TORONTO -- Don Cheadle is ready to helm his own action-hero franchise.
The versatile actor dove into over-the-top combat sequences for his role as the heavily armoured superhero War Machine in Iron Man 3, opening Friday.
With rumours flying that this instalment is the last in the bombastic franchise, Cheadle admits he's wondering whether that opens the door for a War Machine spinoff.
The House of Lies star plays a bigger part in the latest Marvel spectacle, battling bad guys side-by-side with Robert Downey Jr.'s wisecracking vigilante Iron Man.
They're up against an army of biologically enhanced warriors controlled by a mysterious terrorist played by Ben Kingsley.
Cheadle notes his amped-up presence is spurring speculation he's the next Hollywood star to launch a superhero franchise, and he's happy to stir up interest any way he can.
"I'm talking about it all the time," Cheadle says with a chuckle Tuesday during a promotional stop in Toronto.
"But Marvel has yet to say anything that would concretize that talk."
Iron Man 3 picks up right after the wild alien attacks of The Avengers, when billionaire tech genius Tony Stark teamed up with other superheroes, including the Hulk, Thor and Captain America, to stop an other-worldly invasion.
Still reeling from that encounter, Stark finds himself up against another global threat and turns to pal Col. James Rhodes, played by Cheadle, for backup.
Cheadle says there was lots of improvisation for their lighthearted exchanges, which harken back to the easygoing banter of '80s-era buddy cop films.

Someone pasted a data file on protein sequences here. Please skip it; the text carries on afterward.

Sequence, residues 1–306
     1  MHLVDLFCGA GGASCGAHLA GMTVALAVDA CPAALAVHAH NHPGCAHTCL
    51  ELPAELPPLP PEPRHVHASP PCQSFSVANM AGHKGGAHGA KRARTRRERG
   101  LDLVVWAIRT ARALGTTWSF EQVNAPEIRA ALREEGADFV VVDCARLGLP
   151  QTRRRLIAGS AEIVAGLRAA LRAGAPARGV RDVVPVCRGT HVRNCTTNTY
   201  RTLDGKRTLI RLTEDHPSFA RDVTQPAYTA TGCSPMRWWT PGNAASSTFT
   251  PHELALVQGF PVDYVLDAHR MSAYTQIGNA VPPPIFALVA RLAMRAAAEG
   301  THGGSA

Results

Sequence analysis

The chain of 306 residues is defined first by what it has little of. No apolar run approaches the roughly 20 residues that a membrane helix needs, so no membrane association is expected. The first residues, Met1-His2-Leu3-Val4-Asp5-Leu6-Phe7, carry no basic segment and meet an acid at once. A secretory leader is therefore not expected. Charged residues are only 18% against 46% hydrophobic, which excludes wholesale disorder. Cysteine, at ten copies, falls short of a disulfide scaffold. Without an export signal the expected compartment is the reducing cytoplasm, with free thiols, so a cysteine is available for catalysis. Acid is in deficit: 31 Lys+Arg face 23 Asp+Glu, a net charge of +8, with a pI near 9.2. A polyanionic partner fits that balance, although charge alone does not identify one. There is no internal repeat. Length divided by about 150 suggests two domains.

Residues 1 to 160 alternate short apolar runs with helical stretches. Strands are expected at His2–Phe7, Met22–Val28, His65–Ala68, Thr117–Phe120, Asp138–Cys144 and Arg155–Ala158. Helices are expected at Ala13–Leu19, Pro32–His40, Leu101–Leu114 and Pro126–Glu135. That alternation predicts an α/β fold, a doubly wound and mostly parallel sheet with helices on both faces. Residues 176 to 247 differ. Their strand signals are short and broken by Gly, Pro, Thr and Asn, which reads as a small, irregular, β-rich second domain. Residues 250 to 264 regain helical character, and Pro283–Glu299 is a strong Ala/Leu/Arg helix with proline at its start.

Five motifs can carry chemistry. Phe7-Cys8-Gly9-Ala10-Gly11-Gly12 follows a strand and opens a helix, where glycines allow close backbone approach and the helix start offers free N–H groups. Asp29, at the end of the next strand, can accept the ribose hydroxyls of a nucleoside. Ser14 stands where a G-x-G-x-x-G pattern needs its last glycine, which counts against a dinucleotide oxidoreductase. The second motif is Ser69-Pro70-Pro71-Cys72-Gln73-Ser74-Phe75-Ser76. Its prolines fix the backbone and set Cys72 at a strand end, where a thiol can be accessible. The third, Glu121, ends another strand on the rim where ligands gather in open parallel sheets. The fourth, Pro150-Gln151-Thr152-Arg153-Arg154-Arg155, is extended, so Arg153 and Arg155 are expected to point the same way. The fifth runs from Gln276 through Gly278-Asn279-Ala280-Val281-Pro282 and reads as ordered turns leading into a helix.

He says that nostalgic touch can be traced to writer-director Shane Black, who penned the first two Lethal Weapon films and perfected the action-comedy formula.
"(Black) understands that genre very well and it's something that makes those films very winning and funny -- to be in the middle of this danger and still these characters have the ability to rib each other and clown each other and that's something that makes this movie a lot of fun," says Cheadle, whose more serious fare includes Hotel Rwanda, Flight and Traffic.
Still, the film notably features an eerie explosion sequence in which a mysterious villain known only as the Mandarin sets off a bomb at a popular tourist haunt to inflict as much damage as possible.
It's a devastating scene that calls to mind the recent Boston Marathon bombings, Cheadle acknowledges, but he hopes the storyline can be cathartic in some way for audiences grappling with feelings of uncertainty.
"Obviously, it couldn't have been anticipated, but (this film is) post-9/11, it's a post-World Trade Center bombing, it's a post-(USS) Cole bombing, it's a post-everything that's happening in Iraq and Afghanistan and Pakistan," he says.
"If we can play with the fantasy of the sky opening up and aliens pouring out, I think the ballast to that is what's actually really happening around us. I think we can hold both of those dynamics and still tell a story."
One of the hallmarks of the Iron Man franchise has been its willingness to put Tony Stark in a world very much like the one that actually exists, Cheadle notes.
"I think it's good that our art, so to speak, is able to draw from things that are actually happening and anchor us in the world that we actually live in today."
-- The Canadian Press